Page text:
by Adil Yousuf
Life goes on. It is the tagline advertisement of modern hope. However, it doesn’t mean that the journey is smooth. This particularly appears true in the case of modern man, the child of enlightenment who lives in the era of buttons, available at his service at the cost of an imposed routine, a life whose success is measured with the quality of its mundane regularity and the refuge it provides from the questions thrown at different moments by his burdened mind. This play is a story of one such moment, a calm peaceful moment enjoyed by a man, soon to be disturbed by another man. The conversation that follows after that intrusion somewhat resembles the waves generated in the calm water by a pebble.
Originally written by Edward Albee, adapted to Urdu by Shehzad Ghias Sheikh and directed by Usama Ahmad khan, the play starts with Jamshed (performed by Ramil Aftab) running into Pervez (performed by Zia-ur-Rehman): a cigar-smoking “settled man” of publishing industry enjoying his afternoon reading Dostoyevsky’s “The Idiot. The conversation starts with Jamshed repeating “ Main zoo gaya tha ( I have been to the Zoo). Although the response he receives is initially cold and uninterested, he soon weaves a web of questions slowly and gradually, from which Pervez struggles to get out throughout the play. Along with the questions, Jamshed also delivers monologues with the longest one ranging to fifteen minutes. As soon as the play evolves, the audience discovers the layers of clarity in his unorganized character, especially in the moments during which he tries to analyze his life and life around him. That clarity is not lost even in the moments of contradictory statements and riddles Jamshed makes throughout the play. This decisiveness finally uncovers its full face in the concluding moments of the play, where a surprise awaits the audience and Pervez, the other voice of the play
Pervez represents every other common man who has got it all: a job, a wife, two daughters, two cats, two parrots, and the luxury of spending time with himself in an afternoon. He starts as a confident man but soon his cover of a settled life is exposed. His shell appears to be broken when he is first asked about his feeling of not having a male child. This is soon followed by further cracks when a series of questions are thrown at him, often leaving him speechless, confused, angry, and at times shocked. Some of that frustration came from the fact that his opinions, most of which were the result of points posed by Jamshed, were interrupted, leaving him with more unclear thoughts. The main test of Zia as Pervez came during Jamshed’s monologues to which all he got to his aid was his silence. Those were the one of the play’s major highlights when Pervez, through his expressions painted a picture of a man who is on the edge of losing the balance he has maintained all these years. Another highlight was when the carefree character of Jamshed breaks into tears: something which was felt by the audience as the gasps in the open hall reflected.
Usama Ahmad Khan, the debutant director carried out experiments throughout this play. The first one was Dostoyevsky’s “The Idiot”: the novel Pervez was reading. As the play evolved, the audience discovered that compared to Pervez, the reader, Jamshed had a lot more in common with Myshkin, the novel’s protagonist. Usama’s approach with the settings was also unique, as the stage was set in the corner, reflecting on the state of the characters as they were soon pushed into the corners. Another choice was starting the play with Aafaq Ahmad’s narration of W.H. Auden’s “The Unknown Citizen”. Adapted in Urdu for this play and narrated while Pervez’s statue was in the background, this poem provided a glimpse of what is supposed to happen in the next hour. While adapting for the stage, Usama kept the local context in the play as the characters hinted at the culture of twin cities throughout the play.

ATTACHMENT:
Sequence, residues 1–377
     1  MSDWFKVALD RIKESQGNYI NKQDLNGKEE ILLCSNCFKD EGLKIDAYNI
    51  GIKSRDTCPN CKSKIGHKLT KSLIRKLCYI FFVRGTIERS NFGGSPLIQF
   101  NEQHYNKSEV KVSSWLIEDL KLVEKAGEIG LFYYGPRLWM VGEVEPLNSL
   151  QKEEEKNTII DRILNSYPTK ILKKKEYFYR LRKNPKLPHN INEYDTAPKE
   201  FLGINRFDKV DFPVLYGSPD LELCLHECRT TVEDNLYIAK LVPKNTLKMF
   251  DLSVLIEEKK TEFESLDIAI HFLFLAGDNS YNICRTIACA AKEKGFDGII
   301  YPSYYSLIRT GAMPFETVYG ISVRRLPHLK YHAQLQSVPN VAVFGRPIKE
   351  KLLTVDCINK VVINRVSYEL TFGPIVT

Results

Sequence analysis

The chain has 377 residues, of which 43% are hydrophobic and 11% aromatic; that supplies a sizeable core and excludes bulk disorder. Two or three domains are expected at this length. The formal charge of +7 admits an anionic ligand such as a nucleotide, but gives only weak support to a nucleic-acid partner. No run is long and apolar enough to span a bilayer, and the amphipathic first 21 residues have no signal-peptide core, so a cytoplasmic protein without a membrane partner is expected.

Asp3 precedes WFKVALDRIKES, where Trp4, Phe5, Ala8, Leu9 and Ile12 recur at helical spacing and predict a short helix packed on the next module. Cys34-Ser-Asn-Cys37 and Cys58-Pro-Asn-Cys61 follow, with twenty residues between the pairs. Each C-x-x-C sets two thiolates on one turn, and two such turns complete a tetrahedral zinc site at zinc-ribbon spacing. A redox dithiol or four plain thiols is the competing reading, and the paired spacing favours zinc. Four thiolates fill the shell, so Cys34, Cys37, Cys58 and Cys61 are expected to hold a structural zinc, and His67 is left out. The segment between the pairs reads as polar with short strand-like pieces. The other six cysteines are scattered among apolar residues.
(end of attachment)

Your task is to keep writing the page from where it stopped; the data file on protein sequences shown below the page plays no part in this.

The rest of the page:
It was a challenging role for both actors as their previous performances were completely in contrast with the characters of this play. Ramil (The actor for Jamshed)’s last performance was in an adaption of Krishan Chandar’s “ Jaman ka Pair” was of a common man who is dominated by the structures around him and Zia played the role of a talkative Raam Singh in Safeerullah khan’s Manto adaption of “ Akhri Salute”. Therefore, for the regular audience of Theatre wallay it was a treat to see them in a different color. Both the actors lived to the expectations of the audience which is why they received a standing ovation from them at the end of the play.
While reviewing for the play, members of the audience had different interpretations. Some pointed out the comparison between Pervez’s pets and the dog of Jamshed’s neighbor. Some discussed the questions of masculinity, communication, and tradition. One audience member pointed out the relation between Jamshed’s empty frames and the climax of the play. To some, this play was about escape, which some people at the park and some have to go an extra mile for it. However, they all praised actors for avoiding stagnation and redundancy in a play where most of the action is carried out in the dialogues. They also agreed that a theatre performance such as this sends an important message on World Theatre Day. They were satisfied with the COVID- related measures and showed their gratitude for arranging a complicated theatre performance in such difficult circumstances.
The show goes on as it should and so does life. Although after a performance like this, one wonders what is the difference.